For a nation has invaded my land, Mighty and without number; Its teeth are the teeth of a lion, And it has the fangs of a lioness.
Since we know that Locusts surely don’t have lion’s teeth - what was Joel describing? Their destruction and their relentlessness. The symbolism here communicates the same thing: no mercy whatsoever.

Breastplates of Iron – impenatrable

Breastplates of Iron would have been impenetrable to conventional weapons. Meaning they were safe from the attacks of mankind.

Loud - Frightening

The sound of their wings like the sounds of Chariots. Chariots would have been both loud as well as frightening, and I think both images are supposed to be communicated here.

Tail like a scorpion - Painful

Having a tail like a scorpion is descriptive enough, these things were serious chimera’s - mixtures of all different kinds of creatures to be sure as John looked at them. And note that the sting of their tails would hurt for five months - again the same number we saw in verse five.

The Identity of these Locusts

Finally, It would seem ultimately that verse 11 is the verse that brings clarity, at least a little, to the puzzle of what or who is pictured by this plague of locusts. Proverbs 30:27 makes a note of observing that Locusts move in ranks like an army, but they have no king. This further cements that the image of the locusts is just that: an image meant to teach something else.
The fifth trumpet envisions overwhelming numbers and immense devastation of a host of demons inflicting suffering on the earth.
Their king is named Abaddon or Apollyon a Hebrew name and a Greek/Gentile name - both names mean "destroyer" and the dual naming seems to indicate that he has power over everyone…. Except of course as we’ve seen – the Christians.

God’s purpose in Judgment

The first woe envisions a horde of demons afflicting unbelievers.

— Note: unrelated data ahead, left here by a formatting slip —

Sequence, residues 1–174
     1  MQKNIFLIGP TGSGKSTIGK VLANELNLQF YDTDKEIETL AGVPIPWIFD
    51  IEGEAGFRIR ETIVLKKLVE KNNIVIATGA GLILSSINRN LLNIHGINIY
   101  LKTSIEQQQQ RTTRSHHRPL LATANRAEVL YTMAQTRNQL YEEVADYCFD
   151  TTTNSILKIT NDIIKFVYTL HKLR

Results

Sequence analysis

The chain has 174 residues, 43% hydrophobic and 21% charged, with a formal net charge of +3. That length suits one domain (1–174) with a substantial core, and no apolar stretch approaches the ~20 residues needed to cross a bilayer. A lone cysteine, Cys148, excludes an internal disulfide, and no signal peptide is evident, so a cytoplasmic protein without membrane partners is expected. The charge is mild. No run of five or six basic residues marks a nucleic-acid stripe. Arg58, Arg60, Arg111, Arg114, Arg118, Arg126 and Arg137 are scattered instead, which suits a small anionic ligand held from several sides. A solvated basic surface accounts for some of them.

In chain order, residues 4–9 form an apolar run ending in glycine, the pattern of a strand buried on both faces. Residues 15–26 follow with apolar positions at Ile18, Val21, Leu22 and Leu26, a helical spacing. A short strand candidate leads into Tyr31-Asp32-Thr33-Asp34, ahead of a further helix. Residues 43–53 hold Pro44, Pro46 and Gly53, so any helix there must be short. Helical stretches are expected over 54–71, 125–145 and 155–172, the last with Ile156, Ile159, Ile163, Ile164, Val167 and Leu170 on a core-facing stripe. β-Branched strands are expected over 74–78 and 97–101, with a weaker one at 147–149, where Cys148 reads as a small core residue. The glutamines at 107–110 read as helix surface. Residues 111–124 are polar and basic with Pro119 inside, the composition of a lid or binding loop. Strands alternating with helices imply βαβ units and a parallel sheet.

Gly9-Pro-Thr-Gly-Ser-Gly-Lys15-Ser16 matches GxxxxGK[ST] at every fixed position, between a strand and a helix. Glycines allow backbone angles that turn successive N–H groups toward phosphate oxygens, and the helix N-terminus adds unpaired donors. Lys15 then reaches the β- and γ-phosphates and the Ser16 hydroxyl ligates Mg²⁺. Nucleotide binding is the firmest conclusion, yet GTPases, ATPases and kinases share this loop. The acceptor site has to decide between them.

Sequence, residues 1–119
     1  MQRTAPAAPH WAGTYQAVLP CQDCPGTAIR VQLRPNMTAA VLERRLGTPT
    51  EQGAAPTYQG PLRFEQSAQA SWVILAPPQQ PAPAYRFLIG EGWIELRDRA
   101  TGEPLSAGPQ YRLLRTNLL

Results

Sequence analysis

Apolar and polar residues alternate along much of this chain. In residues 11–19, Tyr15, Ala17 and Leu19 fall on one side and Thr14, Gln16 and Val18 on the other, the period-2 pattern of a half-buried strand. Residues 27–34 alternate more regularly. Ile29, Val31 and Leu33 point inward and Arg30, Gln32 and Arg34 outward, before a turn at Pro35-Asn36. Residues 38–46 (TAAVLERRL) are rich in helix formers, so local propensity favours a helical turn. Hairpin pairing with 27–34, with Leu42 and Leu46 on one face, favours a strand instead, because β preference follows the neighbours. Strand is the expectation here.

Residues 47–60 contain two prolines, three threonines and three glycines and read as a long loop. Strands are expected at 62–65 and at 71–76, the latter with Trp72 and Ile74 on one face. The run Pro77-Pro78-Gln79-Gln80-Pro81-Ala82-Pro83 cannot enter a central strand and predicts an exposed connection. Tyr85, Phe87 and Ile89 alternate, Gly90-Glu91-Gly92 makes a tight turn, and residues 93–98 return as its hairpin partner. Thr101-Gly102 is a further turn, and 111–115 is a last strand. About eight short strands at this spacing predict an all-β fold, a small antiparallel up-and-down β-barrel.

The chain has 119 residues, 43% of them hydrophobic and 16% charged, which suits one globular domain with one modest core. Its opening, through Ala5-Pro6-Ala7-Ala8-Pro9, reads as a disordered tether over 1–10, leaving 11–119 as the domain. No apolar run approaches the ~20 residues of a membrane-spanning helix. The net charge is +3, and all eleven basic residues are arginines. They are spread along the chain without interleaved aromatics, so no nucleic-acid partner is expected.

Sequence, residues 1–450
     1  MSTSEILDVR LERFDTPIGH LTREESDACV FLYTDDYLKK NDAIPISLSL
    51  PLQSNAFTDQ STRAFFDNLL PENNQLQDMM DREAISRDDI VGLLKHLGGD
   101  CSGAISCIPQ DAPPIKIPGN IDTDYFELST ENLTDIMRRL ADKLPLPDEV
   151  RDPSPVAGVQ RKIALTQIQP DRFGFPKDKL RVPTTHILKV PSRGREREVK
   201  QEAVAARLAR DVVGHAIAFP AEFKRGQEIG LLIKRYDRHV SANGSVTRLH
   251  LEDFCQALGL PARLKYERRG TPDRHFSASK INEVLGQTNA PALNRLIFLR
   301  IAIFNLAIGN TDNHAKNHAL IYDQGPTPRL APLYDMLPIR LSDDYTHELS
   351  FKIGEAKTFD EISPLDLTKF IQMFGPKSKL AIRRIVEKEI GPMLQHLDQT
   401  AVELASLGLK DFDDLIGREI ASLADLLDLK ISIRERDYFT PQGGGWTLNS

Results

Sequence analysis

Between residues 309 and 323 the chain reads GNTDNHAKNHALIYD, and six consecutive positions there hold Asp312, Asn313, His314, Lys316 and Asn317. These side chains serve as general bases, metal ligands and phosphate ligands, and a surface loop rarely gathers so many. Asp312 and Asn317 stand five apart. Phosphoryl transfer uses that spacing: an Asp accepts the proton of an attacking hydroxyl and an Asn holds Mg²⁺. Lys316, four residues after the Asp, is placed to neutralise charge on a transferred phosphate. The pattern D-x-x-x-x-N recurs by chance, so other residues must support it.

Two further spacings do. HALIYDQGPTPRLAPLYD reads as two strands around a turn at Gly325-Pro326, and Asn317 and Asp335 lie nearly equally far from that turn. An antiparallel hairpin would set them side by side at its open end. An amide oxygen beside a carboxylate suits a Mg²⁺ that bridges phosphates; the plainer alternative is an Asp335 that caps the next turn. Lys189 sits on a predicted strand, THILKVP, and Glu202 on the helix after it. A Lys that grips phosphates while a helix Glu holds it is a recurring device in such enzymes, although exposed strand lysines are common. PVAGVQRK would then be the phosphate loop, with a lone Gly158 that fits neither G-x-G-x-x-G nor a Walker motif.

Taking all of this together, listen to Deuteronomy 32:24. In that text of Moses’ song he is prophetically telling them what was coming in the future for Israel. Beginning In Deuteronomy 32:15 Moses foretells of Israel’s rebellion and God’s subsequent judgement. In the midst of that we read this:
Deuteronomy 32:24–25 NASB95PARA
They will be wasted by famine, and consumed by plague And bitter destruction; And the teeth of beasts I will send upon them, With the venom of crawling things of the dust. ‘Outside the sword will bereave, And inside terror— Both young man and virgin, The nursling with the man of gray hair.
Did you catch that? God’s judgement for rebellion will come in the form of the teeth of beasts and the venom of crawling things. Does that sound at all familiar with what is being described in the fifth trumpet?
My point is this: it is not necessary to see in real life what John saw in a vision for this to come to pass. The fifth trumpet is as symbolic as the rest in describing a judgement of God that is terrible, and apart from the symbolic language of Revelation, somewhat indescribable.
What is God’s purpose? The same as always: To convince people to repent while there is still time, even as time is running out.
[1] Certain translations have an angel instead of an Eagle - presumably because flying and calling is more of an angelic job than an Eagles. In the Greek it is very akin to a simple spelling error between the two words (aetou / aggelou). I would agree with Metzger’s assessment that it was probably a deliberate choice based upon expectation.
[2] Ex 19:4; Le 11:13; Dt 14:12; 28:49; 32:11; 2 Sa 1:23; Job 9:26; 39:27; Ps 103:5; Pr 23:5; 30:17, 19; Is 40:31; Je 4:13; 48:40; 49:16, 22; La 4:19; Eze 1:10; 10:14; 17:3, 7; Da 4:33; 7:4; Ho 8:1; Ob 4; Mic 1:16; Hab 1:8; Re 4:7; 8:13; 12:14
[3] We see it also in Romans 10:7 in the quotation Paul uses from the Old testament… he says there “Who will descend into the abyss” (from which to bring Christ back from the dead). It is Paul who unites the two ideas for us because he is quoting from Deuteronomy 30:11-14 and he changes the concept of the sea as a distant location to the abyss as symbolic for the realm of the dead (not merely a grave).
[5] Steve Gregg, Revelation, Four Views: A Parallel Commentary (Nashville, TN: T. Nelson Publishers, 1997), 177.
[7] John Piper, Coronavirus and Christ (Wheaton, IL: Crossway, 2020).